In the following 8 chapters, you will quickly find the {amountStatistics} most important statistics relating to "Diamond Industry".

Diamond industry worldwide

Dossier on the topic

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Diamond Industry - statistics & facts

A diamond is the hardest material on Earth, and has long-since been recognized for its beauty as a gemstone. Some 142 million carats of diamonds were estimated to have been produced from mines worldwide in 2019. Major producing countries include Australia, Canada, the Democratic Republic of Congo, Botswana, South Africa, and Russia. Worldwide reserves are estimated to be some 1.2 billion carats. Russia has the largest reserves, estimated at some 650 million carats.

The dominant companies and processing structures of the diamond industry

The global diamond mining industry is largely dominated by a hand-full of companies. The top three companies – Alrosa from Russia, De Beers from Luxembourg, and British-Australian Rio Tinto – account for more than 60 percent of global diamond mine production. Mined diamonds are mostly processed in and sold via the major global diamond centers: Antwerp, Dubai, New York, Hong Kong, Mumbai, and Tel-Aviv. In contrast to precious metals, there is no universal market price per carat of diamonds. Nevertheless, global diamond prices have increased more than tenfold since 1960 to the prices today.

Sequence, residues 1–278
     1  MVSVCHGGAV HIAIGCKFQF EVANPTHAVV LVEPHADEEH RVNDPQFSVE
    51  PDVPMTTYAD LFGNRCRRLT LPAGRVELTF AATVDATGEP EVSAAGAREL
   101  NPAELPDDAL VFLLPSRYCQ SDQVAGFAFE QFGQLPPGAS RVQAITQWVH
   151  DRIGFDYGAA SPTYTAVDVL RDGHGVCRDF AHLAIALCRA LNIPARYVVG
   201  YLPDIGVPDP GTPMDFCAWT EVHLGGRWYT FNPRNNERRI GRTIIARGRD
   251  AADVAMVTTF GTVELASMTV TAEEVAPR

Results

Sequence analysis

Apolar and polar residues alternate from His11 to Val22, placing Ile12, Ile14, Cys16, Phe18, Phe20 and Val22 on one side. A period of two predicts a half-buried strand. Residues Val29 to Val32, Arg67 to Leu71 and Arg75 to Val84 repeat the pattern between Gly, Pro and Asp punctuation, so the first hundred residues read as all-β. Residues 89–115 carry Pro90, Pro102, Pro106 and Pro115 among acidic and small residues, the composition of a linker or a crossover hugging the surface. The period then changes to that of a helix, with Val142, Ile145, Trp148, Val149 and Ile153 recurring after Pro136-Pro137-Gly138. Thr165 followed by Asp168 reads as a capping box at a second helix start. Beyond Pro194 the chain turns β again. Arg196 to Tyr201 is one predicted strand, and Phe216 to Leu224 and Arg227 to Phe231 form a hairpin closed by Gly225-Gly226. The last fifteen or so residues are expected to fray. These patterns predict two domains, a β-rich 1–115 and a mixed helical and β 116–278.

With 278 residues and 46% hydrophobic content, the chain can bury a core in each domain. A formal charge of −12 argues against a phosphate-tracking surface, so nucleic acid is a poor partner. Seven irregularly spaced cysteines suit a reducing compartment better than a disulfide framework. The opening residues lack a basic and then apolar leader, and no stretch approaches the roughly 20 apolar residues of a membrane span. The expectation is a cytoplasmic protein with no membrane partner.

Polished diamonds and the value chain

Diamonds increase drastically in value through processing from production to retail. In 2019, for example, the sales value of rough diamonds amounted to some 13.9 billion U.S. dollars worldwide. After polishing, the value increased by nearly double to 26.7 billion U.S. dollars. In 2019, the global diamond jewelry market value was approximately 79 billion U.S. dollars. Nearly half of the world's demand for polished diamonds comes from the United States, with a 48 percent share of global demand in 2019.

Industrial diamonds: less glamourous but highly utilitarian

Diamonds also have a high industrial value. They are especially well regarded as a material for cutting and grinding tools due to their extreme hardness. Around half of all mined diamonds are not of gemstone quality and are used for industrial purposes. Today, the vast industrial demand for diamonds is mostly satisfied by synthetic diamonds (also known as lab-grown or lab created diamonds). Lab-grown diamonds are also increasingly being used in jewelry as an ethical and less expensive alternative to mined diamonds.

COVID-19's impact on the diamond industry

The global COVID-19 pandemic had a large impact on all parts of the diamond industry in 2020. Diamond mines around the world were closed, polishing centers were either closed or faced rough diamond supply shortages, and consumer demand plummeted. For instance, between January and June, 2019, the Antwerp World Diamond Center (AWDC) imported approximately 39.7 million carats of rough diamonds, and in the same timeframe in 2020, imports were 31.9 million carats. Accordingly, the AWDC's rough diamond imports dropped by 20 percent during the same period in 2020 as a result of the COVID-19 pandemic, and the center's exports of polished diamonds decreased by 46 percent.